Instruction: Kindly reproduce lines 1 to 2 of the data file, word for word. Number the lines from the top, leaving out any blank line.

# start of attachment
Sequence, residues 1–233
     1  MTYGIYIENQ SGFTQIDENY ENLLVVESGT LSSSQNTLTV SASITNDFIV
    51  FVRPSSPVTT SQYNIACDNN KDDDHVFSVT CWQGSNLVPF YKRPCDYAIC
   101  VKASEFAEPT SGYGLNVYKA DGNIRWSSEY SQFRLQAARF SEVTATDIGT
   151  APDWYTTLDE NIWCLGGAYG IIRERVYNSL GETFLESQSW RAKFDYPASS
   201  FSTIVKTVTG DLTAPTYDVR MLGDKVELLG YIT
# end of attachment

Sequence, residues 1–233
     1  MTYGIYIENQ SGFTQIDENY ENLLVVESGT LSSSQNTLTV SASITNDFIV